Rules of Crime“Detective Jackson, Eugene Police Department.” That’s how I introduce myself to witnesses and suspects, so that’s why this series is called the Detective Jackson series and not the Wade Jackson series. No one calls me Wade, except my girlfriend Kera, and she doesn’t do it often.

I wake up most mornings at 5:30, even on weekends if I’m working the first few days of a homicide, which often go round-the-clock. Most days, I’m home long enough to have breakfast with my daughter, Katie, then drive her to high school. I was a single parent even before I divorced, because my ex-wife is an alcoholic and not someone Katie can depend on. And I’m a workaholic, so my daughter is rather self-sufficient. That’s my greatest struggle every day: How do I be a good father to the person I love most in the world and keep my hometown of Eugene, Oregon safe from violent offenders?

At the department, I check my emails and phone messages like any other public servant, but that after that my day gets interesting. My boss, a big gruff woman named Sergeant Lammers, often assigns me a new case or wants an update on the case I’m working. Those are the easy ones. More typically, I get called out to homicide scenes during a date with Kera or on a weekend spent building a trike with my daughter. Murder has no boundaries or patterns, but I seem to catch the toughest cases at the strangest times.

Whenever I get the call, I drop what I’m doing and get out to the crime scene. I like to arrive before the medical examiner does so I have chance to look at the body and the scene up close. On television, the detective often takes a long look around and announces something like “The intruder came in through the window, grabbed the trophy from the fireplace and conked the victim on the head.”

It’s never like that for me. I get cases where a young girl is found dead in a dumpster without a mark on her—and no leads or witnesses. Or a whole family has been assaulted and killed and the evidence is too messy to make sense of. In my last homicide case, a young veteran was found dead in his car with his throat slit.

Solving murders is often tedious work. Hours spent looking at phone or bank records and days spent tracking down family members, boyfriends, and co-workers to interview. The case often breaks because the killer, in desperation, commits another crime or makes a fatal mistake. Or often, it’s one of my task force members who sees the connections that lead us to the guilty party. Or a crime lab technician who discovers a key piece of forensic evidence. We’re all part of a team, and we’ve worked together for years. My detective partners are also my best friends, because they’re the only people I really trust. Chasing criminals will do that to you.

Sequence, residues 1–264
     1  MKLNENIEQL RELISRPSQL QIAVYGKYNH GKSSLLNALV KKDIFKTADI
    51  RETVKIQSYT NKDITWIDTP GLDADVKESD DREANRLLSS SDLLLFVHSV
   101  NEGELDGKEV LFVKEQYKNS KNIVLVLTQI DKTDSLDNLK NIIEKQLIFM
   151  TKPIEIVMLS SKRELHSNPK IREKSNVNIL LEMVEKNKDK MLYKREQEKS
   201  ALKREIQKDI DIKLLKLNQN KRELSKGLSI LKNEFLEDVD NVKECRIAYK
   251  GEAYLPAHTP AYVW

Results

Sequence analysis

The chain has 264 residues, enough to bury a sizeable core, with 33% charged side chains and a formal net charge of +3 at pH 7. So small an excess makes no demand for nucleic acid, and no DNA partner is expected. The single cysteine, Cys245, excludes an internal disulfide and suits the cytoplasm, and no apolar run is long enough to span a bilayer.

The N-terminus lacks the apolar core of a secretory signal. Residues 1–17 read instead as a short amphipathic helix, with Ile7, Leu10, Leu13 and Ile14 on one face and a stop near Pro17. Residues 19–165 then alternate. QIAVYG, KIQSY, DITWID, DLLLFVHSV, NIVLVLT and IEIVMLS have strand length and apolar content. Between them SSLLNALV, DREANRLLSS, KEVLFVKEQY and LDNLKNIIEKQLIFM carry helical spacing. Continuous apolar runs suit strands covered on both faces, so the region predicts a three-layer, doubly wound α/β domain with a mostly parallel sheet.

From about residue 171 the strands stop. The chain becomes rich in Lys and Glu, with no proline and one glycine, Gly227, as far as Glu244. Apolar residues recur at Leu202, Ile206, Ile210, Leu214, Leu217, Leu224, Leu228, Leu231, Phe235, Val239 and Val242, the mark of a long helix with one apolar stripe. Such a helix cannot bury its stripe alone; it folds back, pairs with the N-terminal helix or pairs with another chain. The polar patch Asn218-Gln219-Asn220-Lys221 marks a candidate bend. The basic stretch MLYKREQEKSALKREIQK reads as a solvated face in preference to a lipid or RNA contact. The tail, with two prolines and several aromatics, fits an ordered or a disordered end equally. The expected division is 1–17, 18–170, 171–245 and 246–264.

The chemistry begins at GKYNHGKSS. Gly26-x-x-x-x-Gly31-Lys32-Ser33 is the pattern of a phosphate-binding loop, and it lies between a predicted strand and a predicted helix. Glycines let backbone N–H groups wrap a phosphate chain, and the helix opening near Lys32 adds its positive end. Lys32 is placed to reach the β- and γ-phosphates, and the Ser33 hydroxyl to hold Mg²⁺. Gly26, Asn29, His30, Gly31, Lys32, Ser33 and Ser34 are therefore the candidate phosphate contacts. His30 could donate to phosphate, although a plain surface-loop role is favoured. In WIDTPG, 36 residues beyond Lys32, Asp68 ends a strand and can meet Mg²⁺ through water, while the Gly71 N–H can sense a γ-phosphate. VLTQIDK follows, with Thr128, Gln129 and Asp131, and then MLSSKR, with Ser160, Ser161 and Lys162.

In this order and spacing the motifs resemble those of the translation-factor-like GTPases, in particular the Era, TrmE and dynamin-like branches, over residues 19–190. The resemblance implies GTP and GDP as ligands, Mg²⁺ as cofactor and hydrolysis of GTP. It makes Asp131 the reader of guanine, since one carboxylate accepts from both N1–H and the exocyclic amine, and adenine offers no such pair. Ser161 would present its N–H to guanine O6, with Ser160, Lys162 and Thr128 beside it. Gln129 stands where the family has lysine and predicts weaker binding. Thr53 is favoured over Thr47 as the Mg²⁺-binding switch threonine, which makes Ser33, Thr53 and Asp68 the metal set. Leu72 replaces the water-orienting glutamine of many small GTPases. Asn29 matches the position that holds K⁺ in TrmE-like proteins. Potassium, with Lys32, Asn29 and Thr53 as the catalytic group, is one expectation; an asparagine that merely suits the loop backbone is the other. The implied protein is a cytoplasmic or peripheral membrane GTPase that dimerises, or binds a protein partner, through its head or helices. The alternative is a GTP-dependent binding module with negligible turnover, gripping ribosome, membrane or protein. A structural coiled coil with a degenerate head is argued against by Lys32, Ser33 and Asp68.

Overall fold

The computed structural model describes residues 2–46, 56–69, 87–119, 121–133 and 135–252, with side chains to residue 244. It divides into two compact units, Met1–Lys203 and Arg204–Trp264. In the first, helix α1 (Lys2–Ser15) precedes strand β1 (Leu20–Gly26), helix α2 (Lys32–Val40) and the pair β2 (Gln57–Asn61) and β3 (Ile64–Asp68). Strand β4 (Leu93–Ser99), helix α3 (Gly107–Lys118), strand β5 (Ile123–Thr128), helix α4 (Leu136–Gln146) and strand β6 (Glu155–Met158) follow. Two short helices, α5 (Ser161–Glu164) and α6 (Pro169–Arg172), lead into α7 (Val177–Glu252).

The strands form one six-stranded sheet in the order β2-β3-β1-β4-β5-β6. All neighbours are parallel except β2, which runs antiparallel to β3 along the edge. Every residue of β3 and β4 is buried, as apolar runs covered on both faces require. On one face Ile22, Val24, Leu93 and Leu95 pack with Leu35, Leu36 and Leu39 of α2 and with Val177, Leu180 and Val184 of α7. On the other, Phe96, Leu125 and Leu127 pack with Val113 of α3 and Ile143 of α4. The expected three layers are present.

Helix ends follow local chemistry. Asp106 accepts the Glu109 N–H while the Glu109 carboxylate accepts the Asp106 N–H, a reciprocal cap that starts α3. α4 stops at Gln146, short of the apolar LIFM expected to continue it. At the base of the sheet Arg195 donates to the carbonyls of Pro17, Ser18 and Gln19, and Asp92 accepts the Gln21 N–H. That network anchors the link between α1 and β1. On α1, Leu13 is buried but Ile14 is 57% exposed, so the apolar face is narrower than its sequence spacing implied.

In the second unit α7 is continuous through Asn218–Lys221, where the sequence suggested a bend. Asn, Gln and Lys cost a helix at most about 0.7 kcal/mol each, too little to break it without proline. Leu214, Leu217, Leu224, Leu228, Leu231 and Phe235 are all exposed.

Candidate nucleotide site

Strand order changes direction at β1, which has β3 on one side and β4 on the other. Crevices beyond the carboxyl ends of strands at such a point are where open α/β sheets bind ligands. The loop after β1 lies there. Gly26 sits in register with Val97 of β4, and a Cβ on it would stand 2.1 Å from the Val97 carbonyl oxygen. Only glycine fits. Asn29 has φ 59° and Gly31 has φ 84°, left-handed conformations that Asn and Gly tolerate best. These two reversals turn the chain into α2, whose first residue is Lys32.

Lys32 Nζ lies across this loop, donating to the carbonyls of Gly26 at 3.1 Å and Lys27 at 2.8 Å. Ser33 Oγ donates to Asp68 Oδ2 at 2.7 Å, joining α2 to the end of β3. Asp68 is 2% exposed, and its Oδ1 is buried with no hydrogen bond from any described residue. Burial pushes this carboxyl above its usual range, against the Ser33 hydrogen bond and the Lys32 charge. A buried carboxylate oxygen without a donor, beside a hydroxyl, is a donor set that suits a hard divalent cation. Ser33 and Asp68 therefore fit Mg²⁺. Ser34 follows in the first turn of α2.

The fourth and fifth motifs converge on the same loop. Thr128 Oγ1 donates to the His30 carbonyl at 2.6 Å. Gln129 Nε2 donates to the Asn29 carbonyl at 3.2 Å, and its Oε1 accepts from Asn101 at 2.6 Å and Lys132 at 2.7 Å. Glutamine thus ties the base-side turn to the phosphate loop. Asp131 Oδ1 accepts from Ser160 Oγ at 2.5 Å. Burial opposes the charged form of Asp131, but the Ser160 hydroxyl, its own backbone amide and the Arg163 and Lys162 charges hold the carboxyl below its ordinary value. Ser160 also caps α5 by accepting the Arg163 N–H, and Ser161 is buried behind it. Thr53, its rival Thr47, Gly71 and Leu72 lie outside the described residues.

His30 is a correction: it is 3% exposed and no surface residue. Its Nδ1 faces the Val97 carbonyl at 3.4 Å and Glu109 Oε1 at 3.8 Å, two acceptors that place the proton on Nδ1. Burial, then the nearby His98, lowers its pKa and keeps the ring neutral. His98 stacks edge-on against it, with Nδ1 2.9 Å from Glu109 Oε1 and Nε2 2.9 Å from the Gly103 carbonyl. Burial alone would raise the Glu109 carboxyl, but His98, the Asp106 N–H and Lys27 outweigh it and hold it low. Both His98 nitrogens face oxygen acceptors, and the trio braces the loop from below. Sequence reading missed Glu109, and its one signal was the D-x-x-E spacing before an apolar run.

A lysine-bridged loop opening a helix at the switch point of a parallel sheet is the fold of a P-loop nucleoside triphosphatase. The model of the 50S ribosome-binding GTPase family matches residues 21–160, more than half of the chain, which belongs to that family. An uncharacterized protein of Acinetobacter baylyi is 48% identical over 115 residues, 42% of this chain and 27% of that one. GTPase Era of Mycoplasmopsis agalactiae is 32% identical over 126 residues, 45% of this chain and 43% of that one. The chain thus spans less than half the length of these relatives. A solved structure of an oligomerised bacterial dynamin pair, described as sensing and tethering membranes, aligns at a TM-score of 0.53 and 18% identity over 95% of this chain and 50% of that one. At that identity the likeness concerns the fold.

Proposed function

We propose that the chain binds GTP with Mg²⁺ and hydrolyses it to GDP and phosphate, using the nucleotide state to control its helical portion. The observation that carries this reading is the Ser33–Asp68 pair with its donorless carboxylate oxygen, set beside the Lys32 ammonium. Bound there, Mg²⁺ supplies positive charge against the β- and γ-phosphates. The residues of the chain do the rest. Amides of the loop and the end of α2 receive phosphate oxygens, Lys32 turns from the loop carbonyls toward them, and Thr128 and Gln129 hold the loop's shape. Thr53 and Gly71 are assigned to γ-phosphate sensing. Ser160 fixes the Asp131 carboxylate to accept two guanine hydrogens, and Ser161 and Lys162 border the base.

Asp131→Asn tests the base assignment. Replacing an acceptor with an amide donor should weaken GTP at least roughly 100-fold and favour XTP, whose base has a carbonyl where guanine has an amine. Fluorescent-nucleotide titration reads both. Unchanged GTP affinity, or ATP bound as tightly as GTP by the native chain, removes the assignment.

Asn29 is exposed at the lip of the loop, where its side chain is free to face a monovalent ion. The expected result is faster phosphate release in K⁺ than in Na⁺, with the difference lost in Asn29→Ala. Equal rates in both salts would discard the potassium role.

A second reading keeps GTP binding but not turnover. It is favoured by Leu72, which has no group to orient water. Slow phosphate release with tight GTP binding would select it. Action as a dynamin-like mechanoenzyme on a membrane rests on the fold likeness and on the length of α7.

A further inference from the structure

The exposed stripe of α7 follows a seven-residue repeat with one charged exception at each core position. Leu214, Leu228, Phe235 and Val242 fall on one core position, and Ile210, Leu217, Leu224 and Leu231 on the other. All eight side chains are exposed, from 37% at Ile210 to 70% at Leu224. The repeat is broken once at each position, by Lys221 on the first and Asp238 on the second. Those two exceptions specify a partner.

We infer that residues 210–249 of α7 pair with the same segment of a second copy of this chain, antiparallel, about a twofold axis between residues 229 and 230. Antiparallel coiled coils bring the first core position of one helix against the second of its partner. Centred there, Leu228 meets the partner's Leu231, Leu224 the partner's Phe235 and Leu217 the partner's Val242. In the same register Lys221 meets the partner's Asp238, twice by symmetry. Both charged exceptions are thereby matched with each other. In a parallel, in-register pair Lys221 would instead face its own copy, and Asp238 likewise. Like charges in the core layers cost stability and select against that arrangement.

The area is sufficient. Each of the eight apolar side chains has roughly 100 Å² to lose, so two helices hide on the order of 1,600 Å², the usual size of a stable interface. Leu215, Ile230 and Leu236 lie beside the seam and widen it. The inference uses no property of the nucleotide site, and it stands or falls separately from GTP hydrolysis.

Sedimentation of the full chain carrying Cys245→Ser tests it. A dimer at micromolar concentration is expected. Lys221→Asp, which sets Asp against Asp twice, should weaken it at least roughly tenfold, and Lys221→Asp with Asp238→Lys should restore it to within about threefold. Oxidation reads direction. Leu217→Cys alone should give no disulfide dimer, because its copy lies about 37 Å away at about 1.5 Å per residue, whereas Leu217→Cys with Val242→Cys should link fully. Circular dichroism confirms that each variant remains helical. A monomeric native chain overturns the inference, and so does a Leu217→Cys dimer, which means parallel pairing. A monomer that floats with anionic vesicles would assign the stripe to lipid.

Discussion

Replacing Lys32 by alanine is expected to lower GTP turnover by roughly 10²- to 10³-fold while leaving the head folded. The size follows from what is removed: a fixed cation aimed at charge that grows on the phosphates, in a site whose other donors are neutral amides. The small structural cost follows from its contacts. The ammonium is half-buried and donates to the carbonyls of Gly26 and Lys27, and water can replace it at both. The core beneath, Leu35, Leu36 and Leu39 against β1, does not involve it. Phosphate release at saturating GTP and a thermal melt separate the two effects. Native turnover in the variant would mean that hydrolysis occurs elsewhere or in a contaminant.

The case I’m working now (Rules of Crime) is personal—my ex-wife has been kidnapped, and the FBI is leading the task force. My partner, Detective Lara Evans, is investigating the assault of a young woman who was beaten and dumped at the hospital. Any minute now, we’ll compare notes and discover how these crimes are connected. I hope you’ll be there for the revelation.


Meet the author
L.J. Sellers is a native of Eugene, Oregon, the setting of her thrillers. She’s an award-winning journalist and bestselling novelist, as well as a cyclist, social networker, and thrill-seeking fanatic. Her novels featuring Detective Jackson include The Sex Club, Secrets to Die For, Thrilled to Death, Passions of the Dead, Dying for Justice, Liars, Cheaters, & Thieves, and Rules of Crime. In addition, she’s penned three standalone thrillers: The Baby Thief, The Gauntlet Assassin, and The Suicide Effect. When not plotting murder, she’s also been known to perform standup comedy and occasionally jump out of airplanes. You can visit L.J. at her website.

Books are available at retail and online booksellers.

%d bloggers like this: